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The Two Things You Need to Know to Succeed as an Entrepreneur What is it that makes some entrepreneurs so successful?

By Per Bylund Edited by Jessica Thomas

Opinions expressed by Entrepreneur contributors are their own.

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Is there a "secret sauce" for succeeding as an entrepreneur? Judging from what venture capitalists look for in a startup -- typically, the team, the product, the market -- there's nothing specific that creates success. So probably not. After all, most if not all entrepreneurs try to get the best team, the best product, and find the better (larger) market. And most of them fail.

So what is it that makes some entrepreneurs successful, and some of them successful over and over again? Surely there is something unique that these "serial entrepreneurs" have or know that brings them repeated success. Perhaps this "something" is to not have any major weaknesses, so that they know a little about a lot and therefore can handle all types of situations. Or it could be the opposite, that they are specialists or have a unique skill or ability to discover opportunities.

Related: Richard Branson's 8 Keys to Happiness and Success

The academic literature is about as helpful. In one scholarly theory, entrepreneurs are defined by their balanced skills -- they are "Jacks-of-all-trades." In another theory, entrepreneurs are specialists and exercise "superior judgment."

None of this is particularly helpful when running a business. There are successful entrepreneurs who are both Jacks-of-all-trades and others who are specialists. So what makes a good entrepreneur?

I think it comes down to having two fundamental types of knowledge -- not a specific skill, attitude or asset. These two types of knowledge are required for an entrepreneur or business to succeed. Without either of them, only luck will help you stay clear of making disastrous mistakes.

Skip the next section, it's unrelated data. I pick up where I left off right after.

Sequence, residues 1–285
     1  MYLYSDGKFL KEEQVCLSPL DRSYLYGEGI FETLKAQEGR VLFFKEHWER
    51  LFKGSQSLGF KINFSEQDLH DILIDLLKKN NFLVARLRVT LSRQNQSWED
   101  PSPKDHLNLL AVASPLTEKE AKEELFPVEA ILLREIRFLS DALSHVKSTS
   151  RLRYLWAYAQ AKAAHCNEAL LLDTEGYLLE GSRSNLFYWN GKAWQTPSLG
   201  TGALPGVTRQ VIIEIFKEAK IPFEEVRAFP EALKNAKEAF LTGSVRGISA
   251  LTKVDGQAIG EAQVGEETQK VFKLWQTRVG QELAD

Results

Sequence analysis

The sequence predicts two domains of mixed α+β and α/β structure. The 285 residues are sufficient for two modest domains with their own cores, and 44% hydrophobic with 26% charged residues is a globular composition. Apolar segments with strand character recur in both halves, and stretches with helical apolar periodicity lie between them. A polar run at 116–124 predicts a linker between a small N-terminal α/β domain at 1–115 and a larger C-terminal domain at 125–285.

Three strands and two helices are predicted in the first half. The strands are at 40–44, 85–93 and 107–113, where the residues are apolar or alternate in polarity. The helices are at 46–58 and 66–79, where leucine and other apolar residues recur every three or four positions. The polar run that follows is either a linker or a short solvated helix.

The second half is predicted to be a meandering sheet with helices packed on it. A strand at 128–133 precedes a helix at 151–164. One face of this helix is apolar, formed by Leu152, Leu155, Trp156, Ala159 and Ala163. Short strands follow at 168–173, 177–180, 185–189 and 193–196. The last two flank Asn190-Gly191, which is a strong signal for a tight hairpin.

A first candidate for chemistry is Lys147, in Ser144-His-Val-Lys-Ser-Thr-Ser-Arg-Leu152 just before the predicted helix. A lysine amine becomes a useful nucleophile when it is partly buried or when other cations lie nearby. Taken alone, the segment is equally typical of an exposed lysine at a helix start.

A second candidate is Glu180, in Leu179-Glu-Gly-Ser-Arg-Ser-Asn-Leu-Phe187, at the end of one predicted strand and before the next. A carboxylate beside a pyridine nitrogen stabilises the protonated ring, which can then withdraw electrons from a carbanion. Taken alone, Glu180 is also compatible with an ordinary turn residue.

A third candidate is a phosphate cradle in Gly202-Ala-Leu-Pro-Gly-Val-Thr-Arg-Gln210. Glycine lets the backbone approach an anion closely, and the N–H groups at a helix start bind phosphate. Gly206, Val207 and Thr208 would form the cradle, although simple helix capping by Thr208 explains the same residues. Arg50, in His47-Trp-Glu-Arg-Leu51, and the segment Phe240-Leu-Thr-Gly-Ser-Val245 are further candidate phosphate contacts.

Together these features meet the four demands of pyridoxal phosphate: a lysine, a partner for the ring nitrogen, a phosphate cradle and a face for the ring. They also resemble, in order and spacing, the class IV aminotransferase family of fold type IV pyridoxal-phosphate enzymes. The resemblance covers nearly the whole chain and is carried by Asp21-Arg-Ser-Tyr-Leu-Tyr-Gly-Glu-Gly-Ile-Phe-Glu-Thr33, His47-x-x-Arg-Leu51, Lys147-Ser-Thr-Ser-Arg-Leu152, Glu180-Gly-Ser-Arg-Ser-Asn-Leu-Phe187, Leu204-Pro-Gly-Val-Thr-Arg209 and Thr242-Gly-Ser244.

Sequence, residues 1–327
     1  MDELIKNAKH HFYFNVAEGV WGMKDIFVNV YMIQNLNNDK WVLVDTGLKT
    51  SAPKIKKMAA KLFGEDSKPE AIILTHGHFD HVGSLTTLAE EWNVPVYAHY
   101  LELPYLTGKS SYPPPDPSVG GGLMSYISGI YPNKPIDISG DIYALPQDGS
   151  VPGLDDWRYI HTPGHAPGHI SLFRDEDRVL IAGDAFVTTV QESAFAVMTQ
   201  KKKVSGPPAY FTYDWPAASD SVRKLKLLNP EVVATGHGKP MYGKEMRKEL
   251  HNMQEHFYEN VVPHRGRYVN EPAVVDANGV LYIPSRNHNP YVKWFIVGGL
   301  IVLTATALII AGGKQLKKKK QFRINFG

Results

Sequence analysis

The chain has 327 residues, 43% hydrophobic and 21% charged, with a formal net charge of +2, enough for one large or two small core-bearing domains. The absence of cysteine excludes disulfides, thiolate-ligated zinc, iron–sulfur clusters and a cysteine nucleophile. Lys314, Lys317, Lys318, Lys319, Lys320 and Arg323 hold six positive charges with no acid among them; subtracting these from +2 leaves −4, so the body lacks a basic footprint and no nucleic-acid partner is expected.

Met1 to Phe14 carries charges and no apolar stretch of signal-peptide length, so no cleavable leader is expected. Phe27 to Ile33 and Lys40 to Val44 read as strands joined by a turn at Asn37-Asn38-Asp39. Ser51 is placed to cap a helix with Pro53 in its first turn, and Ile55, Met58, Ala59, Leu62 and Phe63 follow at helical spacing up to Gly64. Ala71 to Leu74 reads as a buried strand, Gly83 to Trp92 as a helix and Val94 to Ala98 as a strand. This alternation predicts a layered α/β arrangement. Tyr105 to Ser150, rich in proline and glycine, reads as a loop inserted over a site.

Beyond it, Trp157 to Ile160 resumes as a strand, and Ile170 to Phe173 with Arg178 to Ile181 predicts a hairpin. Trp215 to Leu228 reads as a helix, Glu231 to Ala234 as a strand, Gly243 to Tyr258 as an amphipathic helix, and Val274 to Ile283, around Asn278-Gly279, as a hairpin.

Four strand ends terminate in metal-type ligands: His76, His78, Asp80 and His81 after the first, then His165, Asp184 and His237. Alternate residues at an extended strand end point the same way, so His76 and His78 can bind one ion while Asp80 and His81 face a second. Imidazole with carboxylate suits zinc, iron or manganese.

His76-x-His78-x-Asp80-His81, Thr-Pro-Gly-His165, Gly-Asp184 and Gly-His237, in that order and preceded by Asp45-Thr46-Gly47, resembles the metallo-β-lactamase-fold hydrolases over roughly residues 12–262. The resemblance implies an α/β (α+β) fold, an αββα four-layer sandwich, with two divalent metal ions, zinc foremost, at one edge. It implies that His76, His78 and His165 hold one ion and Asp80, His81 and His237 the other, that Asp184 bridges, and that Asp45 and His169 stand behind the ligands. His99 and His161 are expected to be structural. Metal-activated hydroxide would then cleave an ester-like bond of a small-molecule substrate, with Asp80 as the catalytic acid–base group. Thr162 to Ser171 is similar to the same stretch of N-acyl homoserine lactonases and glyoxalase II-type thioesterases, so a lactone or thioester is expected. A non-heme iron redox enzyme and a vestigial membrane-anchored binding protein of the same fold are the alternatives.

Simply put, successful entrepreneurs understand people and they understand how the economy works.

1. Understand people

Understanding people is tricky, but straightforward. It is not simply about reading up on psychology, even though that probably helps. More important is to have a deep sense of what makes people do what they do, including what to expect given their backgrounds, attitudes and abilities. It's partly about getting along with people and developing trust relationships and mutual respect. But it is also about being able place yourself in other people's shoes and understand where they're coming from and where they're headed.

Related: There Is No Success Without Risk

Understanding people helps all aspects of your business. It is about putting together a great team with the right attitudes, avoiding conflict and, where that is not possible, finding respectful solutions. It's about being tough when you need to be, and to be a reliable friend when things get tough. Within your business, understanding people is as much about leadership as it is about friendship.

It is also about understanding who your customer is, on a personal level, and what that type of person is thinking, feeling and dreaming of. The only way of offering a product or service that is of real value to that person is to understand what kind of person he or she is. If you do, then you can make sure your offering fits in and improves that person's life -- assuming you know how to communicate the benefit.